5 Prague Tips Every Traveler Should Know

This weekend I went to Prague for three days and I can safely say it lived up to my hopes and dreams. Prague is one of the coolest cities I’ve ever been to in Europe. It’s a mixture of the European best traits—windy streets, markets with tasty food and cute touristy souvenirs, breathtaking architecture, handsome men and women, colorful houses and cobblestones, horse drawn carriages, and a clock tower that chimes the quarter hour. It’s like a fairy tale city out of a Disney movie. Read on for my how-to Prague guide, and if you’ve never been, I highly recommend going. It’s the perfect city for a weekend away with friends, a bachelor/bachelorette party, a honeymoon, or a trip with the family.

1. Take Sandman’s New Europe Free Walking Tour, STAT

Whenever you go to a new city it’s a given that you’ll want to orient yourself. Most of the time a quick glance at a map and a few directions from a hostel receptionist does the trick, but with Prague’s winding streets, take Sandman’s New Europe free walking tour. The tour starts daily at 11am and 3pm outside of the Starbucks at the Old Square in the Prague city center. It’s three hours long so wear solid walking shoes. Guides operate on a tips-only basis so they are entertaining, funny and you’ll get a good lay of the land before you head out to explore on your own. Definitely hit this up the first morning or afternoon you’re in the city.

Quick tip: Skip the metro and the bus! Prague is a totally walkable city and everything looks farther on a map than in reality.

2. Stroll Across the Charles Bridge

Take your time and wander across the Charles Bridge during the day. Its Prague’s oldest pedestrian bridge, you can’t miss it. You’ll find street performers, musicians, even the ‘Bridge Band’—a quintet—that plays jazz and blues for much of the afternoon. Artists come to paint and sell their photographs and caricatures, jewelry merchants set up stands and people mill about. Life seems to slow down a little bit on the Charles Bridge.

3. The Currency Shakedown

When you sit down for dinner and get a bill back that says you owe 300, don’t freak out! The Czech Republic currency is called the ­­­­­­­Czech Crown and converting can be a bit…frustrating. A good rule of thumb is to figure out how many multiples of 25 fit into your bill, and that is how many euros it is. So, for example, 100 ­­­­­­­Czech Crowns is about 4 euros. That’s a huge generalization obviously since the exchange rates fluctuate, but it’s a decent estimate. Figure you’ll be spending about 45 ­­­­­­­Czech Crowns on a beer. About 150 ­­­­­­­Czech Crowns on a meal, and about 100-400 on a night out with club covers and drinks.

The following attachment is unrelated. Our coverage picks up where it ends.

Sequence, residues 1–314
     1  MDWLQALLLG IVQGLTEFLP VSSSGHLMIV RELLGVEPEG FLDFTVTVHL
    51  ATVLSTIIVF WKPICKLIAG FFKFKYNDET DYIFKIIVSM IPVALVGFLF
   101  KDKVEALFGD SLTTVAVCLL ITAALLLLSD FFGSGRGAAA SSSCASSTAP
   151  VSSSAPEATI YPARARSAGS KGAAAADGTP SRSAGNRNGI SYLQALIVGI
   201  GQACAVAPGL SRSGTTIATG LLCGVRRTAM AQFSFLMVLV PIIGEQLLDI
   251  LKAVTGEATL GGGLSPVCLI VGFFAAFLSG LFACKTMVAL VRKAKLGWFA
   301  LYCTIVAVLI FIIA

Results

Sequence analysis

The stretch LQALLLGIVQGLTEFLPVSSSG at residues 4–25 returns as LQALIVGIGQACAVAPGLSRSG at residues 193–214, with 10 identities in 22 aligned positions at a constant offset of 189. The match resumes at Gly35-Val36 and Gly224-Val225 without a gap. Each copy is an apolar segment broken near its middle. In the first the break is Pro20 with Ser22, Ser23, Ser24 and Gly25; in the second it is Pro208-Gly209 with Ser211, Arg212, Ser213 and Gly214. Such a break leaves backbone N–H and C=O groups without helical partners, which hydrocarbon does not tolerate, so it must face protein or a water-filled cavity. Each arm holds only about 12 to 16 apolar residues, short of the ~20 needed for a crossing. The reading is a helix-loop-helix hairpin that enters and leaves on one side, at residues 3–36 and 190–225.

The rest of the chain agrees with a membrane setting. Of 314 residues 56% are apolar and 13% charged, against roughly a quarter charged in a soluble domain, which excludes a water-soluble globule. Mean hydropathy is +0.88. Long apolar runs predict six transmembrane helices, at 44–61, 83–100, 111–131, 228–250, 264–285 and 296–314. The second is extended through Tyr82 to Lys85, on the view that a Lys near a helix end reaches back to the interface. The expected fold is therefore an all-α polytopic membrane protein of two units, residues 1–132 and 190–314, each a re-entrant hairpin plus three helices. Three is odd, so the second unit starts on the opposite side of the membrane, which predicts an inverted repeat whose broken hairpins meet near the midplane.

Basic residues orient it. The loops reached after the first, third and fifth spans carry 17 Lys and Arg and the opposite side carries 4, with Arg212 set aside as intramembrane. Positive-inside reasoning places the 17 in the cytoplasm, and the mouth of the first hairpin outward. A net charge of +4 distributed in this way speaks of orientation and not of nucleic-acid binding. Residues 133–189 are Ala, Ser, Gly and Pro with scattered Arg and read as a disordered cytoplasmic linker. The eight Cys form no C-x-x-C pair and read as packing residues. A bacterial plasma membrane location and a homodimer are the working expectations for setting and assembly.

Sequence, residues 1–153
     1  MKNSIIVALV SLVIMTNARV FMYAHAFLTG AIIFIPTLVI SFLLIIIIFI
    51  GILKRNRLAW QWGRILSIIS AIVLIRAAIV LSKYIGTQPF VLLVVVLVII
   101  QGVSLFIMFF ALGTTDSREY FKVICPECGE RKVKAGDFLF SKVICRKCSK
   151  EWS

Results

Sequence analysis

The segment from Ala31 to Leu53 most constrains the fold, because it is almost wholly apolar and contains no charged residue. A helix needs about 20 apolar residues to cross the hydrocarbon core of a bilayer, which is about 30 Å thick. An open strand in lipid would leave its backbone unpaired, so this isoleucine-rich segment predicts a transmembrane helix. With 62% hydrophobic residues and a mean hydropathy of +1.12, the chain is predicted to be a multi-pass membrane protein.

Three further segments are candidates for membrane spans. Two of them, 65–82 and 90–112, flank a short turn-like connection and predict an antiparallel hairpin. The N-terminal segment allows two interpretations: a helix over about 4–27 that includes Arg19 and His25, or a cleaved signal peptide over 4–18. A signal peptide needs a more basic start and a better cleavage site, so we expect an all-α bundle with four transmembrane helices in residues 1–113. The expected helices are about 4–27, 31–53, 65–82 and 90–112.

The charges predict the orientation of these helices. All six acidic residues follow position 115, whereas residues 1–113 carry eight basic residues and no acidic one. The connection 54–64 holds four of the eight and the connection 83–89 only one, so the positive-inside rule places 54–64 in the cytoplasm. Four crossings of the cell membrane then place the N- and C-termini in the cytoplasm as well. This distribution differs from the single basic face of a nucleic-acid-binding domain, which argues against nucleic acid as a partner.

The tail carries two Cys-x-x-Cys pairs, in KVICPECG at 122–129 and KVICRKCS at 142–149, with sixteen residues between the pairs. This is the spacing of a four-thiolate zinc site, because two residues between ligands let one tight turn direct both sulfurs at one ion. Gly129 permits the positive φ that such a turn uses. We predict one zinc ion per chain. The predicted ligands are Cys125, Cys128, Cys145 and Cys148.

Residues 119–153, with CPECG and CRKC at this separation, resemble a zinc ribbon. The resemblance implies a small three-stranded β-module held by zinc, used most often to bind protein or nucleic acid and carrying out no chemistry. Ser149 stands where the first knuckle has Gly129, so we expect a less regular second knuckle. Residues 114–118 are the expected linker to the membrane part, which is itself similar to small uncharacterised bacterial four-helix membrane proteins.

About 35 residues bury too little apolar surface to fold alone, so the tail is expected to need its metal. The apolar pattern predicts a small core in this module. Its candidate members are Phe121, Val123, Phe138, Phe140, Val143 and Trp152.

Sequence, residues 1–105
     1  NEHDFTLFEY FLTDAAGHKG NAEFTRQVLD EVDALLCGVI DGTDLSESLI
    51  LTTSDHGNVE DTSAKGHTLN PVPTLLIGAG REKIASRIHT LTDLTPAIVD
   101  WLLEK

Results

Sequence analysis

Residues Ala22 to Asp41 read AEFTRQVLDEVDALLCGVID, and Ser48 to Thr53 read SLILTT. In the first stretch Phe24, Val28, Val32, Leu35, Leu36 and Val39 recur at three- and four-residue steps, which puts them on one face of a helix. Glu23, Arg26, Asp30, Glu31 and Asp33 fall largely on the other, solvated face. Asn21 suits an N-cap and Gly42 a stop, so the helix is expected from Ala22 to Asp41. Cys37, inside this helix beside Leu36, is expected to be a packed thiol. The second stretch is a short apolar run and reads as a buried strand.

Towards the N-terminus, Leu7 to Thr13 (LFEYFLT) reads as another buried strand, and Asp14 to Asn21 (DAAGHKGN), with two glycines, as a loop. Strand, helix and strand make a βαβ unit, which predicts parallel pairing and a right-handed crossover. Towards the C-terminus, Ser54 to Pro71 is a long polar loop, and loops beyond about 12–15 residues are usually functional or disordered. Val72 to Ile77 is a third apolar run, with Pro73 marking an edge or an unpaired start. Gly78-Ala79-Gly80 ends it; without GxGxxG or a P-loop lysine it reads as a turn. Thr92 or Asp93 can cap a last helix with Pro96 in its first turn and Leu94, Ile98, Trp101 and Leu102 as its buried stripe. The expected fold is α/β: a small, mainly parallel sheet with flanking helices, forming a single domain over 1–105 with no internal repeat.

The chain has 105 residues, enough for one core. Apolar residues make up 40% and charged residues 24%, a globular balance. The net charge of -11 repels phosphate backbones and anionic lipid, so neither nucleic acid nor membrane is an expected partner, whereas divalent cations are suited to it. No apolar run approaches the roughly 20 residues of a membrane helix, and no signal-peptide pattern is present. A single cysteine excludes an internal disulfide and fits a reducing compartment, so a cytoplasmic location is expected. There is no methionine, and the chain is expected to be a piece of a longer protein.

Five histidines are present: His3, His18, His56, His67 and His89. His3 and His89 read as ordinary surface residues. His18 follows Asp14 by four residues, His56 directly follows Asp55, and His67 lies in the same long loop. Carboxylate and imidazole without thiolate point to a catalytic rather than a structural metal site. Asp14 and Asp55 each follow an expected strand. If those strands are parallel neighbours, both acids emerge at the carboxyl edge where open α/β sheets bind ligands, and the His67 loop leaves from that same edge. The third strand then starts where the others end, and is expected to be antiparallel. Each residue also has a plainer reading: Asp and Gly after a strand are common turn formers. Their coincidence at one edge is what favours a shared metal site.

4. The Sites

One of the greatest things about Prague is that most of the sites are free or semi-free and easily accessible. Don’t miss the castle and cathedral on the west side of the river. The John Lennon wall, a graffiti covered wall with brightly spray painted symbols of peace and love isn’t far from the main road off of Charles Bridge. Bring a permanent marker or a pen and leave your own tribute to the Beatle. The Old Town and the New Town are distinguishable sections of Prague’s city center—the Old Town has restaurants and smaller boutique shops, as well as a huge market and the occasional outdoor concert. The New Town is a renovated section of town complete with a street of theaters and corporate stores like H&M and Zara. In the Old Town don’t miss the astronomical clock tower. On every hour little statues of the apostles come out and parade across the clock face. The Jewish quarter of town has a couple of synagogues and museums.  According to our Sandman’s tour guide, the only reason the Jewish quarter of Prague is stands today is because Hitler wanted a “museum” standing testimony to a race he hoped would be extinct one day. At night, check out The Beer Factory if you like competitive drinking and pulling your own beers. Or if you’re into a pub crawl/clubbing scene, hit up the 5 story Karlovy Lazne near the river.

5. La Casa Blu

This hole-in-the-wall Mexican restaurant was recommended to us by a student who lived abroad in Prague. It’s off a side street (Kozi) from the Old Town center and is totally worth it. The value for price is amazing; enjoy a beer on tap and a tasty burrito. Like any European city, the restaurants located on the main plazas are overpriced, but if you like Mexican you won’t be disappointed with La Casa Blu.

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